How to Turn an Organization Positive

October 29, 2015

By: Katherine Johnson

Positive deviance—a seemingly ironic phrase I first heard when I was introduced to Positive Organizational Scholarship less than a year ago.  At the 100th session of the Positive Links Speaker Series, Bob Quinn illuminated, to me, what it means to be positively deviant: to act outside of a conventional norm—a deviant behavior—and in a more positive direction. Seems pretty simple.

A predominant and intriguing question from the audience guided Quinn’s session: “How do I introduce positive organizing to executives at higher levels who are oblivious… have no consistent values… are technically inclined…” and the list goes on. Perhaps this idea of positive deviance is simple in theory but difficult in practice. The reason it is difficult?  Because it is “countercultural and therefore dangerous.” The solution? Change the music.

Through a simple yet powerful story of a doctor and an old man, Quinn illustrates that in order to change the dance, we first need to change the music. In other words, we need to change our mindset from a conventional thought process towards a positive lens in order to change our behaviors. The music, then, is the foundation for organizational effectiveness and flourishing. At the core of an organization are their values. These values drive leadership behavior, organizational culture, and employee performance. The key is to shift our focus from the result of our behavior to the reason for our value—minimizing the natural hypocrisy gap between value and behavior. According to Quinn, when a leader behaves with integrity, “other virtues follow and collective virtues emerge.”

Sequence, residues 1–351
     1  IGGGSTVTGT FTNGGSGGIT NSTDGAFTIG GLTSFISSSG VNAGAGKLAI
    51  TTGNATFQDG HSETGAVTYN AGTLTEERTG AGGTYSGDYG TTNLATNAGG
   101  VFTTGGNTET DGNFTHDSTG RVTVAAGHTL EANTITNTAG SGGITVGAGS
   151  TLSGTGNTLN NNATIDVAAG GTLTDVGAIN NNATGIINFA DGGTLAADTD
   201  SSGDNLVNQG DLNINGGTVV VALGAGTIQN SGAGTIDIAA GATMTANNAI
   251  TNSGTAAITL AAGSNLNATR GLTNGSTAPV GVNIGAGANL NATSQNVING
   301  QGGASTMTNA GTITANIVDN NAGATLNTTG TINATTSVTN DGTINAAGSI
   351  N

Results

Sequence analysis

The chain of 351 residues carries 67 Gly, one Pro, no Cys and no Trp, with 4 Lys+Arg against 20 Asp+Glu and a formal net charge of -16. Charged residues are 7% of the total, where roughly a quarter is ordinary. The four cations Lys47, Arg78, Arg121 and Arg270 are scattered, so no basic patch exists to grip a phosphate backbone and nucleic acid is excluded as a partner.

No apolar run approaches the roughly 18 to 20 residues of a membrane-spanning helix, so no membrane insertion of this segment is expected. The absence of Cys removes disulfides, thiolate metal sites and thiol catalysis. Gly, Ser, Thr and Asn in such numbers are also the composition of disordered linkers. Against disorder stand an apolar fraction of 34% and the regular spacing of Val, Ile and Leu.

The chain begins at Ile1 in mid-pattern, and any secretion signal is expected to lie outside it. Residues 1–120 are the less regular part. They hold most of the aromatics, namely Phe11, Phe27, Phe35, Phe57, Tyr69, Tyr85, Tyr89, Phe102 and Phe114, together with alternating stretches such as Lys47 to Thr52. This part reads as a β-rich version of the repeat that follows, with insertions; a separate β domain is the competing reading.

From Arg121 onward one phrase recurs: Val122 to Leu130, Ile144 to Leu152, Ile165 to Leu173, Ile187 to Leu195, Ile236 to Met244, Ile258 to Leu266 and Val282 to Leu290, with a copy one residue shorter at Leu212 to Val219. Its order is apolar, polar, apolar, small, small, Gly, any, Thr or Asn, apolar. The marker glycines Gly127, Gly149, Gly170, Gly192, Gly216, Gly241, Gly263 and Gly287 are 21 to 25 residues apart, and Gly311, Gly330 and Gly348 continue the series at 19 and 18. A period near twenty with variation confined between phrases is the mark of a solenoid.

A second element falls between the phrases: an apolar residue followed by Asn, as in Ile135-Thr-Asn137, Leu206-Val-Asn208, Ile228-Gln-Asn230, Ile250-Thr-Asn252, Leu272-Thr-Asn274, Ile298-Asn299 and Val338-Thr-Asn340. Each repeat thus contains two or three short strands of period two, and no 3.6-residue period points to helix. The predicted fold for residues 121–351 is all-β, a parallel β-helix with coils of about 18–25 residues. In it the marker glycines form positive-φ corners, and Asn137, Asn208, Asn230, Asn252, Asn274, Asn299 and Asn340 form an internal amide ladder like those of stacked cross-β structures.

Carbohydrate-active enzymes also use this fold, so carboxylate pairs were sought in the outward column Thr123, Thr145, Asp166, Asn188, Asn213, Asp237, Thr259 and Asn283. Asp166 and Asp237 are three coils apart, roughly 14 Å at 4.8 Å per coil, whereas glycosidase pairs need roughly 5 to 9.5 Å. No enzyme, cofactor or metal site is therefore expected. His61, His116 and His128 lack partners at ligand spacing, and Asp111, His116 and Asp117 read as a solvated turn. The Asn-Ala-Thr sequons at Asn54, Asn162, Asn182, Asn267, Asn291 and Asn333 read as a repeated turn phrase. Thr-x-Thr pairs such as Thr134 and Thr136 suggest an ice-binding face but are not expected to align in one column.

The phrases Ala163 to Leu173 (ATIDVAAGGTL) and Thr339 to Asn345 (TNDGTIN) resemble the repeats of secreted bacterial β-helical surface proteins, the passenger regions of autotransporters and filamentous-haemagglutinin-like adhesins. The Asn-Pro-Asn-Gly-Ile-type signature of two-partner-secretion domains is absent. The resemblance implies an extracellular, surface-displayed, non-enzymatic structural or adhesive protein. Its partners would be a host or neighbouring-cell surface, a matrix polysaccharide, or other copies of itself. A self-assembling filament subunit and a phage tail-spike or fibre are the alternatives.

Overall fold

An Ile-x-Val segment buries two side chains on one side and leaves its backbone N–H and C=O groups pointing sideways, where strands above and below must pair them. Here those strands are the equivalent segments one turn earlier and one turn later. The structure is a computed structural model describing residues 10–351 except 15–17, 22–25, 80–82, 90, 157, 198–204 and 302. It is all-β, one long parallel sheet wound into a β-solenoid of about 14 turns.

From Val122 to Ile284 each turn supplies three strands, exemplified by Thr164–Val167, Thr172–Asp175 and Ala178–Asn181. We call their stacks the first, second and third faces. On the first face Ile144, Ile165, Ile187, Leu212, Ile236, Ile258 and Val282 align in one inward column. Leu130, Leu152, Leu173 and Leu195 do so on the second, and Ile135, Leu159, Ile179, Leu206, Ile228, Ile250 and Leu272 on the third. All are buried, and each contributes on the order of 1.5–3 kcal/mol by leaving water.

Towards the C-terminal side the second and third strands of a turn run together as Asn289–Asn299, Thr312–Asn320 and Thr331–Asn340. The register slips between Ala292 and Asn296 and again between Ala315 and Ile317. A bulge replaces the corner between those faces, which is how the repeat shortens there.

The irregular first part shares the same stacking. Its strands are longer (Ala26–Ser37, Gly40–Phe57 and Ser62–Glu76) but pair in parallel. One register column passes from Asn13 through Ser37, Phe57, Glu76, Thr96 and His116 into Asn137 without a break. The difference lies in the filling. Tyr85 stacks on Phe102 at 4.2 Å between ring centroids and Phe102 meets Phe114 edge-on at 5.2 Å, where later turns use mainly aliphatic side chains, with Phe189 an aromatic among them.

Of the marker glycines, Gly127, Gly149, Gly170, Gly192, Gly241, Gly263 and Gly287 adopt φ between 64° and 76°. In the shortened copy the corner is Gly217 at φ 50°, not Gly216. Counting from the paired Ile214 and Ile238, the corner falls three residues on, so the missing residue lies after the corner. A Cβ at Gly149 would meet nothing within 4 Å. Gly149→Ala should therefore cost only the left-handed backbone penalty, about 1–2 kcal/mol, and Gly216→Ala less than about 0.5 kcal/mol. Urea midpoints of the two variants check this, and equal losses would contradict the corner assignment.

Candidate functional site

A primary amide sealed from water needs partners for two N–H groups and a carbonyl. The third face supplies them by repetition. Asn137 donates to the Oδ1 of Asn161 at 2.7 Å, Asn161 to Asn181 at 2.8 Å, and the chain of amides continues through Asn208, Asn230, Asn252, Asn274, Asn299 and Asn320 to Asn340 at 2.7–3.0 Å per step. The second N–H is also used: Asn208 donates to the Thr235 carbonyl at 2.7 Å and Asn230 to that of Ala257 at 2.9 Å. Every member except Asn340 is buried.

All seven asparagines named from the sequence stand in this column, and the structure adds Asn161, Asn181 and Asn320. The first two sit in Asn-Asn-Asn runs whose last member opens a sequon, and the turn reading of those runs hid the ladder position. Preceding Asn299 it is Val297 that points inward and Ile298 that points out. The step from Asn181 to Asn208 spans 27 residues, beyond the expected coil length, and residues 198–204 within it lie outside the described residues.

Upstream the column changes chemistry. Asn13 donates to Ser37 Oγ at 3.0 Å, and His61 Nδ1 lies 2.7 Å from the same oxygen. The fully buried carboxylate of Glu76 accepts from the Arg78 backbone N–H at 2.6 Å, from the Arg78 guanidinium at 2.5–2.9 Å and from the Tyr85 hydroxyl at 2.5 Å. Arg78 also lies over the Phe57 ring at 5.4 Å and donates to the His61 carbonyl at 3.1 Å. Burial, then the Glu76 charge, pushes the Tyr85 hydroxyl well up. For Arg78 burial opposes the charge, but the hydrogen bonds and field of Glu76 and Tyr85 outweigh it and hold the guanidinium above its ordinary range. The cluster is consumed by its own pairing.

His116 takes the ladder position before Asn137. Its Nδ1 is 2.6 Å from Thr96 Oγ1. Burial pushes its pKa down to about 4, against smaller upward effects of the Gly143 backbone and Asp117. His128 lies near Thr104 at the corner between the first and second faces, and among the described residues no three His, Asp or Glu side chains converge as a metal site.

Quinn says there are five ways in which to make this transformative possibility a beautiful reality for organizations: to establish a purpose, to nurture authentic conversation, to see possibility, to embrace the common good, and to trust the emergent process. By accepting and embracing these five mechanisms, you now have the knowledge and the talent to start the process in turning an organization positive.

“Have courage,” Quinn says. Courage to be positively deviant. Courage to help others, including those higher-up, become positively deviant. It takes work, and that work is leadership. My takeaway from Bob Quinn’s session is this: Anyone can teach you how to dance, but a leader will teach you how to hear the music.

Watch and celebrate the Positive Links Speaker Series 100th session with Bob Quinn here to learn even more about how to become a positively deviant change agent and turn an organization positive.

For more about the author: Katherine Johnson, +LAB Affiliate